It’s getting closer to my departure for Australia, and while I’ve been working as much as I can while keeping my grades up and also my emotional health in check, I’m still short of my goal for savings. ANY and ALL help would be greatly appreciated.
Hey all! Here is a new article I wrote on Signature26.com! Be sure to check it out and post feedback both on my personal blog (i.e. here) and the actual article if you feel so inclined. Thank you!
I am trying to raise money to study abroad in the spring, please give anything you can! I’m working and saving as much as possible. Thank you!
It’s a great website for young women and covers all sorts of topics! Be sure to check it out. I hope to continue writing for them with articles on Fridays!
Hello everyone – I am trying to study abroad this coming spring (2014) in Australia and I am trying to raise money so I can make the most of the wonderful experience I hope to have. Most of the deadlines for scholarships have passed, therefore I am reaching out to my greater community to help if they can do so! Anything helps, thank you.
What is ambiguous loss?
Dr. Pauline Boss of the University of Minnesota’s Family Social Science department (my University and major) has had groundbreaking research of this theory. Ambiguous loss is loss that has no closure or certainty/finality. An example (although definitely not the only type of ambiguous loss) might be when a parent begins to suffer from dementia and is no longer psychologically present, but lives for 10+ more years. Children/friends of these people often experience ambiguous loss because of the lack of closure and the physical or (no and) psychological presence. The loss of a parent, friend, or any type of relationship can result in ambiguous loss. While grieving is a process in all loss, it is a long process when experiencing ambiguous loss – one must also learn to live with the ambiguity, which can go on for years.
Ambiguous loss is a complicated concept because it is something that not many people understand unless you are experiencing it. It’s a unique kind of loss that varies from case-to-case.
I am just learning about ambiguous loss thank you to my own (new) therapist. It’s fascinating and really an important concept for people to understand.
I LOVE THIS ARTICLE.
Many therapists, especially rising ones (such as myself), have had their own traumatizing and intense experiences with mental health issues. Dr. Marsha M. Linehan is a perfect example of this – she is providing exceptional help that she was unable to receive during her lowest period. The fact that she has “come out” as someone who struggled (and very severely at that), is helping to remove the stigma that those who have mental health disorders/issues/illnesses/diseases are unable to live normal lives; finding happiness, success, love, having a family, etc. – It’s more than possible.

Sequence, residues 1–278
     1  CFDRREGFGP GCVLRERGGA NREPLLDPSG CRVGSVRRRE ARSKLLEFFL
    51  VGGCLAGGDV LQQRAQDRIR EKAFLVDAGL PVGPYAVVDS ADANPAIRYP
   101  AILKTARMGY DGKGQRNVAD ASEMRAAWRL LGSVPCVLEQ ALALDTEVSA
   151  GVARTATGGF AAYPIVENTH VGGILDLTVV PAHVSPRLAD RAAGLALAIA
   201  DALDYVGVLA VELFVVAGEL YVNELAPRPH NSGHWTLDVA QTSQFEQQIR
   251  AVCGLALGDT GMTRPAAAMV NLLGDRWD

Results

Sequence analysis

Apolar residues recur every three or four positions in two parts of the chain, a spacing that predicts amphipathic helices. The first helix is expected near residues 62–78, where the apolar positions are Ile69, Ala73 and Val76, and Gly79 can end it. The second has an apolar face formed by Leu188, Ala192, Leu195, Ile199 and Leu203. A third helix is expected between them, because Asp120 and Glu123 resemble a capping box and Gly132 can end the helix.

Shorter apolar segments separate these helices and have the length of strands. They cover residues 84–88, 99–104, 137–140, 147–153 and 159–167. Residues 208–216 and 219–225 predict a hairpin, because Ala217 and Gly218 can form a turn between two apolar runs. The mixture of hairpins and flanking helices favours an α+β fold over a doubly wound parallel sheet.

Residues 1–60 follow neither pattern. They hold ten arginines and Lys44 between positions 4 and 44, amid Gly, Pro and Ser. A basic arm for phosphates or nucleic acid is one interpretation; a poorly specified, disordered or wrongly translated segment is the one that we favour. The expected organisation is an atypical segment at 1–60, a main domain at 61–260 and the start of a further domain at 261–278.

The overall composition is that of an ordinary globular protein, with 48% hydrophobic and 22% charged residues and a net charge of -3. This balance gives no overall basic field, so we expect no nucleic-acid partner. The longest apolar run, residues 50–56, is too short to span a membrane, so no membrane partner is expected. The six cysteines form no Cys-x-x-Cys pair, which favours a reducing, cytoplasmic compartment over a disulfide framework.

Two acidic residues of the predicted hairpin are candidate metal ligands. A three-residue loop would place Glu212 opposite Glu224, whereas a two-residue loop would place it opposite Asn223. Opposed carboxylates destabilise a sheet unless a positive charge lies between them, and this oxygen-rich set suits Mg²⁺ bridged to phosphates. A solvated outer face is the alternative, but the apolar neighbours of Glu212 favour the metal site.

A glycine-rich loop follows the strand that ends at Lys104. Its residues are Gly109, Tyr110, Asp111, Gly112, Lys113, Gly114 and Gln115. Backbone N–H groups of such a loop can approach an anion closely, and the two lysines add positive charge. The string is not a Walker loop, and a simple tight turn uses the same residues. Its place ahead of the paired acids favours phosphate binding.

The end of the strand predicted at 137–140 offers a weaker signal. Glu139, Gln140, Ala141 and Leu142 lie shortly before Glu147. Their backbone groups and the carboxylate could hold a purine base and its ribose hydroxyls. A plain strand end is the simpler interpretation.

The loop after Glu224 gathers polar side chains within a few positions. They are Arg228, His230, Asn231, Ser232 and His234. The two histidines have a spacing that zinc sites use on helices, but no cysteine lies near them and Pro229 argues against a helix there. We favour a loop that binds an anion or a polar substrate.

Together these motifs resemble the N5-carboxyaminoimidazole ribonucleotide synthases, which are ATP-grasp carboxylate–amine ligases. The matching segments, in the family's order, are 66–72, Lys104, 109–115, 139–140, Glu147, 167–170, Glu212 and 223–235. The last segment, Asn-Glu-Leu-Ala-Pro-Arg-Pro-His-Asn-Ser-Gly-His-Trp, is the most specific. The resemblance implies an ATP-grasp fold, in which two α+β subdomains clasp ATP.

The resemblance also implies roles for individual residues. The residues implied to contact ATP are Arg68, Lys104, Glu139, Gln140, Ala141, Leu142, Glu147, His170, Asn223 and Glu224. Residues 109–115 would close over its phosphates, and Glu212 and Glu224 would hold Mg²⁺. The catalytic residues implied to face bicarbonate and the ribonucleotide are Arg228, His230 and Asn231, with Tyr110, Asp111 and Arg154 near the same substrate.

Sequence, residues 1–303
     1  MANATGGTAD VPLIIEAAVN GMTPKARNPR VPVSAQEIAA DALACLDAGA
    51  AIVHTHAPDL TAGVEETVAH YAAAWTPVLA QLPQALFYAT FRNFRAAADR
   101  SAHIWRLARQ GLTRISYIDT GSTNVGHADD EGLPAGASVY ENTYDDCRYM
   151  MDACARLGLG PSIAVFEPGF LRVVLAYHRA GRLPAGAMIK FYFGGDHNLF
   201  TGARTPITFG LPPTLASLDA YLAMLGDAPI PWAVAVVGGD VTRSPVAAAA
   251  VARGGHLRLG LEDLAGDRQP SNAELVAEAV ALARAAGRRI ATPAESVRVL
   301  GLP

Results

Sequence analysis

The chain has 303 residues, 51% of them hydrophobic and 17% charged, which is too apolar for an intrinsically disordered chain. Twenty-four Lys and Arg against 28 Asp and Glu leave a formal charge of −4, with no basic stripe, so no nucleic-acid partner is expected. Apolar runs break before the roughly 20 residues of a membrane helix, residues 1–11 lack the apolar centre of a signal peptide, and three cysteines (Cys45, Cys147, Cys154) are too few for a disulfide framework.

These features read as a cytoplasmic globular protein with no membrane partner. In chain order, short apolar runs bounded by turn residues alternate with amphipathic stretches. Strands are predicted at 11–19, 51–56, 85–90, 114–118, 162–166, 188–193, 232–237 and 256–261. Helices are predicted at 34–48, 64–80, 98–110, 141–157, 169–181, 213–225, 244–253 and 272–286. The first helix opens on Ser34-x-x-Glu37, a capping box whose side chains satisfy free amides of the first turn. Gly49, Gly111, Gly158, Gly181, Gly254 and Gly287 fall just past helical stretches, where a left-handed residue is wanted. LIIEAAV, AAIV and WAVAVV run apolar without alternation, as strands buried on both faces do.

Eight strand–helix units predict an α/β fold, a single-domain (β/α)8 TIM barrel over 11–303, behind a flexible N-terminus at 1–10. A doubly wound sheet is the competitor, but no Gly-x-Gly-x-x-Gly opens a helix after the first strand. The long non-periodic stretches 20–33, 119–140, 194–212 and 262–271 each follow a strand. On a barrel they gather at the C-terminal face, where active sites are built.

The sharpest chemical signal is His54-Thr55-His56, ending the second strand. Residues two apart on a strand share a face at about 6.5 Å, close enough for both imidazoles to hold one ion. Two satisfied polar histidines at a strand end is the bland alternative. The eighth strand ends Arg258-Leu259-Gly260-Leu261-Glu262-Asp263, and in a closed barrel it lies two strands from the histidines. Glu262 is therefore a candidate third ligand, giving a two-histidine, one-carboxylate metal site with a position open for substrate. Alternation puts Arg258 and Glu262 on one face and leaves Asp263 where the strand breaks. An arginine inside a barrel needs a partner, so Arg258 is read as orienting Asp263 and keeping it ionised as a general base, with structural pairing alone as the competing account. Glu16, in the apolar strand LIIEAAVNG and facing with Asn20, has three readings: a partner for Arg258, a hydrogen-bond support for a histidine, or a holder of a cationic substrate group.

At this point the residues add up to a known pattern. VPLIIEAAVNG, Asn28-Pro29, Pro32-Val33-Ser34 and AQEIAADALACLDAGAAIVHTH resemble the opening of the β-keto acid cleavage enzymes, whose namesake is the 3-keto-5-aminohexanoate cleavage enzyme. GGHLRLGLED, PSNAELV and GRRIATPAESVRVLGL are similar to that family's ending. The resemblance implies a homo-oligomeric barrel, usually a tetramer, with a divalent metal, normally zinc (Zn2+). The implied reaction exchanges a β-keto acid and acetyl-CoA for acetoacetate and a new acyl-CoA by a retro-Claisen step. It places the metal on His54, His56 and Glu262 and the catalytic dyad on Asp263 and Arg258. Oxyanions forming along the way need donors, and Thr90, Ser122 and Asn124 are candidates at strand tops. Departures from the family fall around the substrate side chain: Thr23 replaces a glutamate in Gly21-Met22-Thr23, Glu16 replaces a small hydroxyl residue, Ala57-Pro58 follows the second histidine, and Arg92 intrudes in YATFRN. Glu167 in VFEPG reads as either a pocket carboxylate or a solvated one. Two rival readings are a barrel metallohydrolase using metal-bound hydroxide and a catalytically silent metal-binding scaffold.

In my humble opinion, therapists and psychologists who have had their own troubles have more to pull from and are able to empathize on a deeper level with their clients. In fact, part of the reason that I am studying to become a Marriage/Couple and Family therapist is just that. When in therapy, one needs someone who is able to understand what they are feeling and empathize greatly, thus helping them process feelings and decisions – that’s what I needed. I want to provide for others what I need(ed) and have begun to receive.
But a client does not want to feel as though they are being judged by their therapist – or feel as if their therapist is perfect; has not struggled, made mistakes, and/or felt pain or loss. In order for a client to really make breakthroughs and have insightful moments, one must feel able to become vulnerable with their therapist/counselor. More often than not, it is difficult for us to become vulnerable with those that we feel are “perfect” and appear to have no problems. That is not just within a client/therapist relationship, that’s the way it is in every day life and relationships.
In short – I love this article, regardless of the fact that it is two years old (tomorrow!). Psychologists and therapists like Dr. Marsha M. Linehan are helping to remove the stigmas of mental health and helping create a safer and more comfortable world for all.